Farms assured of more water from Angat Dam
FARMERS in Bulacan and Pampanga who rely on the Angat Dam for their irrigation needs may be able to plant their crops for the dry season as authorities lifted a close-tap policy for releasing water for non-domestic use.
Ironically, this was mainly due to Typhoon “Lando” which, in October, devastated the country’s main rice-growing region and ravaged billions worth of palay—some of which were ready for harvest.
Jorge M. Estioko, deputy executive director of the National Water Resources Board (NWRB), said in an interview the agency was again allowing the release of Angat water at 15 cubic meters per second (cms) for farm use.
“Conditions in Angat improved because of the rains that Lando brought as well as the more recent downpours within the Angat watershed,” Estioko said.
Monitoring by the Philippine Atmospheric, Geophysical and Astronomical Services Administration, the water level at Angat as of 6 a.m. of Nov. 28 was pegged at 208.17 meters above sea level (masl).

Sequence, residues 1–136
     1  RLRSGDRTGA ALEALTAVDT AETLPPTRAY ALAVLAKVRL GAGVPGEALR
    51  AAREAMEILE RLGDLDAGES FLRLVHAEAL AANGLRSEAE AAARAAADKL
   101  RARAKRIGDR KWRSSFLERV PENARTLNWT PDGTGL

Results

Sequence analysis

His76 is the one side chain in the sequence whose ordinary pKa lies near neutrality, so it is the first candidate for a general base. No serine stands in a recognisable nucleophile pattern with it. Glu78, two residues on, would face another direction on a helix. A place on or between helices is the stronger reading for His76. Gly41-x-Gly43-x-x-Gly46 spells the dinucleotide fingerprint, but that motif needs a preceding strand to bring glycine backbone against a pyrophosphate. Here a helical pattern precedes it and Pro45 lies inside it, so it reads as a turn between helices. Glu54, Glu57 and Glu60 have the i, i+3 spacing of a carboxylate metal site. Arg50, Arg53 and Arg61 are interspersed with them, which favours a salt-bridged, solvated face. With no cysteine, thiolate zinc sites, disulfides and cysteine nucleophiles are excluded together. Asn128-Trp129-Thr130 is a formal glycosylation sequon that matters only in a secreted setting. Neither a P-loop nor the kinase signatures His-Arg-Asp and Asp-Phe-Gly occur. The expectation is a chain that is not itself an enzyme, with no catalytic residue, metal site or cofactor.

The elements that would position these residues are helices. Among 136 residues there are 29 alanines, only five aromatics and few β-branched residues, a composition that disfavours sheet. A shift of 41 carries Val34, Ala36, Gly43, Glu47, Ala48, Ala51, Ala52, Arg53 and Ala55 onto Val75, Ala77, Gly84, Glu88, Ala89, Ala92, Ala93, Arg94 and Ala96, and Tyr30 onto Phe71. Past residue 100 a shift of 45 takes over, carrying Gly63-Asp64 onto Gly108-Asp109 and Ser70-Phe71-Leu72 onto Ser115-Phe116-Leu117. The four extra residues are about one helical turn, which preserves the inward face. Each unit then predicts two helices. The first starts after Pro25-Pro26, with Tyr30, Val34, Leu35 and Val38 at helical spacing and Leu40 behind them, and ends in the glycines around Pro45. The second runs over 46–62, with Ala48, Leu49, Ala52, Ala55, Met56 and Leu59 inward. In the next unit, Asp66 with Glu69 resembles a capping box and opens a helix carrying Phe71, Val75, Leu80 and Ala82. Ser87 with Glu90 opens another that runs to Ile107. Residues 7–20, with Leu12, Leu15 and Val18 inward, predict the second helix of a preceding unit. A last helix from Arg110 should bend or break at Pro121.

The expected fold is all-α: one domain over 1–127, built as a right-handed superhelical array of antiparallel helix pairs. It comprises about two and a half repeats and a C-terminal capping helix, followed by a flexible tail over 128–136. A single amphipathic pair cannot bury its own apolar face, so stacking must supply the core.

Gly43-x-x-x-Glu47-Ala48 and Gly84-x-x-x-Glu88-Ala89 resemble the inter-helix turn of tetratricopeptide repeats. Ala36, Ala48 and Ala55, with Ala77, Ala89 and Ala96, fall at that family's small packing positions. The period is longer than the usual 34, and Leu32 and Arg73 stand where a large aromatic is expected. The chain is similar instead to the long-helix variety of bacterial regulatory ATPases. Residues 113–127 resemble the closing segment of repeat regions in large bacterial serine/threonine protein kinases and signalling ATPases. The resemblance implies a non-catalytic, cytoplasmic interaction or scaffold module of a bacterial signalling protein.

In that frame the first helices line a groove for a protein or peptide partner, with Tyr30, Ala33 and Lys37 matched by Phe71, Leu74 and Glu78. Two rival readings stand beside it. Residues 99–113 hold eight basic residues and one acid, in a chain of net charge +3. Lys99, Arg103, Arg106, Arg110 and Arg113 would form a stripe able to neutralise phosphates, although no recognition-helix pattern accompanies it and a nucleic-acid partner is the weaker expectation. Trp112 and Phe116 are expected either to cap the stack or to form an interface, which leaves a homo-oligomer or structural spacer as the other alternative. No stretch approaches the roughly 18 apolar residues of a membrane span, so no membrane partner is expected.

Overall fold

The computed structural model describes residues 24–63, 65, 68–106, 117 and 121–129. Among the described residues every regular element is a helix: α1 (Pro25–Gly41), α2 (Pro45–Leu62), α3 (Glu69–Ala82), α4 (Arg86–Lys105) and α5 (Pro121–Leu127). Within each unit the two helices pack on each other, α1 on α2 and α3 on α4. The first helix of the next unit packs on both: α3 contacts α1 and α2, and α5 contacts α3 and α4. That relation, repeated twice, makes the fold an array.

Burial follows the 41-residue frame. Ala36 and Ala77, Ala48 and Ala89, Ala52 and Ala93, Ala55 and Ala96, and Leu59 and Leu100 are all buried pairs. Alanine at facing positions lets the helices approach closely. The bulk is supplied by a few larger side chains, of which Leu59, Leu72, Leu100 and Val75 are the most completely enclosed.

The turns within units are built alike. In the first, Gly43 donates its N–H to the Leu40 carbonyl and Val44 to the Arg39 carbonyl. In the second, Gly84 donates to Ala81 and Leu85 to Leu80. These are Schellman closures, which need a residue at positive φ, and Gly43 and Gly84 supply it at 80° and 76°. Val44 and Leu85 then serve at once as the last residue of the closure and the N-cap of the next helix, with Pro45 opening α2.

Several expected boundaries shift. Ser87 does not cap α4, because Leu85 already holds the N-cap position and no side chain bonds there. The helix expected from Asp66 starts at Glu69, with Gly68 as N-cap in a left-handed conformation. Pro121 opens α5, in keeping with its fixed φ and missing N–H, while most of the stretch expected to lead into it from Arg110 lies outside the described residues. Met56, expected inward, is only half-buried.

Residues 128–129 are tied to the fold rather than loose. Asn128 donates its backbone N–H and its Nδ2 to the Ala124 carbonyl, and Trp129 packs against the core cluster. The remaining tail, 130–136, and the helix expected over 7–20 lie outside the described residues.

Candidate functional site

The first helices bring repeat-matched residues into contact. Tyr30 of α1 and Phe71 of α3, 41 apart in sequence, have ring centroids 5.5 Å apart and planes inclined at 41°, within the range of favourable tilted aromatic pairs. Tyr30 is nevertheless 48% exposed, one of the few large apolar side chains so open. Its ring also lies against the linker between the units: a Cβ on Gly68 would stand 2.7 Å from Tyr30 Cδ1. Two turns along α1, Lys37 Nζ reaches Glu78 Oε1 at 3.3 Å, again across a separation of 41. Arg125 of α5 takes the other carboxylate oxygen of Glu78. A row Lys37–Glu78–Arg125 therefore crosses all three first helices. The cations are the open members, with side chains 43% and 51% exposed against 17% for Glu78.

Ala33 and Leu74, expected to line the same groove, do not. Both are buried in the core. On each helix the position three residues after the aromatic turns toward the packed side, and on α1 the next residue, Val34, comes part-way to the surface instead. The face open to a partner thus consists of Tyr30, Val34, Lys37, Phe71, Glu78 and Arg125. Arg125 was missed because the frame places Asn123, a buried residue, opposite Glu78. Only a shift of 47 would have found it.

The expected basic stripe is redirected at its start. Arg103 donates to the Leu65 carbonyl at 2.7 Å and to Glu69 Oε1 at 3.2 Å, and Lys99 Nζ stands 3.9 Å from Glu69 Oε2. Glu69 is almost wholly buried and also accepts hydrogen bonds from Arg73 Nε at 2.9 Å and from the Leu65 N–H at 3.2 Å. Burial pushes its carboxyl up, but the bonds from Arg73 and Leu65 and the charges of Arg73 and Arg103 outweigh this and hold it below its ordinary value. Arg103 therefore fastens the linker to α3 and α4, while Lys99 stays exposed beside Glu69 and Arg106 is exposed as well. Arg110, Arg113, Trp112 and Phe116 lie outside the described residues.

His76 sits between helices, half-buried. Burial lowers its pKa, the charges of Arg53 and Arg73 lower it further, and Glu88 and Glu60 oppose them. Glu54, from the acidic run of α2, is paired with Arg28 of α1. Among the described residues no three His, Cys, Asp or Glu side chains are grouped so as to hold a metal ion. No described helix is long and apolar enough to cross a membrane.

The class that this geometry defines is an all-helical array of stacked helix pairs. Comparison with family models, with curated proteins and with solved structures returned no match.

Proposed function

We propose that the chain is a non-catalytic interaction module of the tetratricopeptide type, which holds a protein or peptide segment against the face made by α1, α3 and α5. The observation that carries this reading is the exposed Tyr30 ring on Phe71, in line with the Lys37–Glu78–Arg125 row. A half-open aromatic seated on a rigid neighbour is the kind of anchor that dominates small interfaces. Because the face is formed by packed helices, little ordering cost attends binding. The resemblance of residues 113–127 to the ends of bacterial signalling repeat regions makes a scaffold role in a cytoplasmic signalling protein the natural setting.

This was 3.83 masl lower than the 212 masl that the government as well as water service providers hoped to have by the end of this year.
However, Estioko said the current level was about 2 masl higher than the level recorded in Angat one year ago.
“Because of that, the NWRB has lifted the zero allocation of water from Angat for irrigation purposes,” the official said, referring to a policy that had been in effect as early as May when the level went below 180 masl.
According to the National Irrigation Authority, farms in Central Luzon that have access to irrigation services totaled 77,000 hectares as of Aug. 15. Of these, 22,000 hectares are dependent on water from Angat.
These farms receive water directly from the much smaller Bustos Dam, also in Bulacan. When water level in Bustos gets too low, supply is augmented with allocation from Angat.
Estioko said the normal allocation of irrigation water from Angat was 25 cms to 27 cms.
Also, the NWRB has increased the allocation for domestic use to 40 cms in December from 38 cms in November.
In normal times, the Metropolitan Waterworks and Sewerage System gets 43 cms for the use of concessionaires Manila Water Company Inc. and Maynilad Water Services Inc.
“Despite the increase in allocation, the concessionaires have agreed to maintain their supply management schemes,” Estioko said. “The El Niño is still strengthening and we still need to be vigilant.”
To manage their supplies, Manila Water and Maynilad are reducing water pressure in some parts of their concession areas—particularly in elevated locales—at night during off-peak hours of consumption.
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